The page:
New Boron-based oceanography sensor package: the OpenCTD for Boron


#1

Hi, all—wanted to share this project that @Joe helped me out big time with through the Makerspace Empowerment Program: https://github.com/SUPScientist/OpenCTD/tree/master/OpenCTD_Particle_Boron.

Arduino-flavored OpenCTD has been around for a while and I’m co-teaching a class at UC San Diego this quarter where we’re building a few. I started merging OpenCTD code for Arduino with the Particle libraries in Workbench and am very happy with progress so far. My documentation is, as always, severely lacking but I’ll work on it. But I wanted to share this endeavor with the community in case it could be helpful to others (and to hear your thoughts and suggestions!).

Here’s the gist: the most commonly used ocean sensor package is a CTD: a conductivity (for salinity), temperature, and depth sensor. There are a bunch of companies that make CTDs for a range of costs, usually in the ballpark of $5K or sometimes much higher for the better ones. OpenCTD uses off-the-shelf temperature, conductivity, and pressure sensors to replicate the basic functionality of a standard CTD. It also has an SD card datalogger. Each sensor used in OpenCTD uses simple and standard communication protocols which helps students learn I2C, SPI, and UART concepts as well as the scientific underpinnings of the measurements.

This version of OpenCTD with Boron trades out the qDuino controller for a Particle Boron (again, thanks, @Joe!!!). It currently only samples and records data, so the Boron’s strengths aren’t yet shining but my next steps will be to use the cell module to get the real time before a deployment and then to transmit the data back to shore post deployment. It’s safe to assume that most OpenCTDs will be deployed in coastal/nearshore environments, not in open ocean (i.e., far from cell tower) scenarios.

I’m excited to hear what the community thinks about this undertaking. If you’re interested in giving more than just your thoughts, I’d absolutely love to have help with robustifying the code and thinking about how to deal with charging the sensor without opening the housing and some other issues I imagine we’ll encounter. Thanks for reading!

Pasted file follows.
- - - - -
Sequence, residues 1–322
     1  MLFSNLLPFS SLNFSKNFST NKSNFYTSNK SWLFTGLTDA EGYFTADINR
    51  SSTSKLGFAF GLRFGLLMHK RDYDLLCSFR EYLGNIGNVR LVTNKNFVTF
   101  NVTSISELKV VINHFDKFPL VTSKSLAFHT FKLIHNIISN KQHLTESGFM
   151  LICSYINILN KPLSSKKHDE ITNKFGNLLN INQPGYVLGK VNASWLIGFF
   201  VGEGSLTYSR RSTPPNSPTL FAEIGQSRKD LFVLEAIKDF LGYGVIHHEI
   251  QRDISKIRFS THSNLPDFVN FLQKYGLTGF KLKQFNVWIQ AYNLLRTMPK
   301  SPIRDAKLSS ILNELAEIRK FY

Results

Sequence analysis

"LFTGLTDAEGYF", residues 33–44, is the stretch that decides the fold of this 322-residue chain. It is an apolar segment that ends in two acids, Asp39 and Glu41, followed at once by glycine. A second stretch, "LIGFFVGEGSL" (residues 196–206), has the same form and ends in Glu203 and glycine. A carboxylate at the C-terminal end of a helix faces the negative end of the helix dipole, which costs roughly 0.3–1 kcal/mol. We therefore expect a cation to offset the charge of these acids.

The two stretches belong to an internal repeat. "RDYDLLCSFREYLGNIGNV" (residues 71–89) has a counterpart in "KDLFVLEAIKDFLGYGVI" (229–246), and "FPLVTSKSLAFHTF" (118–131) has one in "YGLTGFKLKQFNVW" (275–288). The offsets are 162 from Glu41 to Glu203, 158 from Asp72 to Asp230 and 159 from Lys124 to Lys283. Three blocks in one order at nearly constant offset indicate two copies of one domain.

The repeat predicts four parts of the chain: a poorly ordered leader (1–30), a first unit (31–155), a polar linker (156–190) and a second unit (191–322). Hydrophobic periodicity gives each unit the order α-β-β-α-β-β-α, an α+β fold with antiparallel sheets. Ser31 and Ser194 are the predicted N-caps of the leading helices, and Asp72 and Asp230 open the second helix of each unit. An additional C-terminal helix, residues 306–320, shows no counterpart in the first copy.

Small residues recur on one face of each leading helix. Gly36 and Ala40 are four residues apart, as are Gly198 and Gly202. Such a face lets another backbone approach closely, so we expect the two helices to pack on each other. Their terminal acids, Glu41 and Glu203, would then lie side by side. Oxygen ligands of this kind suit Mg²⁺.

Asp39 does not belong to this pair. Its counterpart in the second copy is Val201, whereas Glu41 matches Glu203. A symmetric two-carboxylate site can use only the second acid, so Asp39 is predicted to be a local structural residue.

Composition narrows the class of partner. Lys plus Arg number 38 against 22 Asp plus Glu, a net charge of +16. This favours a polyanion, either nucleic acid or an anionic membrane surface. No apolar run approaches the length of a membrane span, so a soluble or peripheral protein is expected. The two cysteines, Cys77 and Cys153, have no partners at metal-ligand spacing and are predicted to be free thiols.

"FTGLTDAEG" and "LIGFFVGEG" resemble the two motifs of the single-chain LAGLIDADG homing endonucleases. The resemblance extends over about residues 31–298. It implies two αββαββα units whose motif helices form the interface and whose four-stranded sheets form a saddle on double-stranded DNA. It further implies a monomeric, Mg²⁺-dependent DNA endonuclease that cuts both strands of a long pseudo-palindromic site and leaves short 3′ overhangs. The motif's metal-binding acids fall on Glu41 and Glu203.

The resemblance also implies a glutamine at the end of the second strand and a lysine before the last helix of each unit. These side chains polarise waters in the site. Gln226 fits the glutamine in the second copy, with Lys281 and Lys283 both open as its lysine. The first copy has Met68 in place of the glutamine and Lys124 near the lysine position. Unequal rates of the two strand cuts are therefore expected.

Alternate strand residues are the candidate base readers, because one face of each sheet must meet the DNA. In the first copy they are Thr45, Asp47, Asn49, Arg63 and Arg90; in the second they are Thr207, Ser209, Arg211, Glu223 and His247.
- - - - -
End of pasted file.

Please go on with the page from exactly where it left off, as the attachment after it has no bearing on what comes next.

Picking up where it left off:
#2

@supscientist,

Seems like a very cool project!

I am wondering though, how you intend to use cellular with such a device.

Also unless you are in an area that will be effected by excessive surface mixing, ice water runoffs, or merging bodies water I think temperature and depth would suffice, but then again, I don’t know the full scope of implementation.

/r,
Kolbi


#3

nice!
I am totally not familiar with how and why one would use a CTD, would you have a link to any relevant material, perhaps?
Thanks,
Gustavo.


#4

Thanks, @kolbi and @gusgonnet!

@kolbi, good point; you’d really only want to measure conductivity/salinity in a region where you expected it to change more than the sensor’s inherent noise/instability. This is a major shortcoming in oceanography where changes in salinity are very small and sensors capable of observing those changes are few. OpenCTD may not have the long-term stability needed to observe open-ocean changes in salinity but is plenty accurate to detect freshwater inputs.

@gusgonnet, NOAA has a nice resource here: https://oceanexplorer.noaa.gov/facts/ctd.html. CTDs have been used on ships for decades. But, in my opinion, one of the most exciting applications is in the international Argo program: http://argo.ucsd.edu/. There are ~ 4,000 freely drifting Argo floats out there and they bob from the surface to 2 km below the surface collecting CTD (and more recently, pH, oxygen, nitrate, and chlorophyll data with other parameters coming) and then send it back to the cloud over satellite connections. CTDs on Argo have been used to map ocean currents with much greater precision than ever before possible as well as determine how much of the excess heat on Earth due to global warming is being stored in the oceans (as opposed to in the atmosphere/on land where it might more directly impact humans in the short term).


#5

thank you for the links!
I like the video very much: ftp://kakapo.ucsd.edu/pub/argo/slides/argo.avi


@kolbi, I was about to ask the same question, when I re-read @supscientist first post :slight_smile: here goes:


#6

@gusgonnet,

Yup, until I read up on the Argo program I couldn’t fully understand how the cellular communication aspect would come into play and be used.

For some reason, maybe because I was thinking of more of an in-situ based use, I was thinking of something like an SSXBT that would be thrown into the water, descend to a set depth (or time-based), to then have a gas cartridge to inflate a bladder so it could once again surface and then transmit data. Maybe use an SD card or EEPROM to store the data in the case where cell reception becomes an issue?

/r,
Kolbi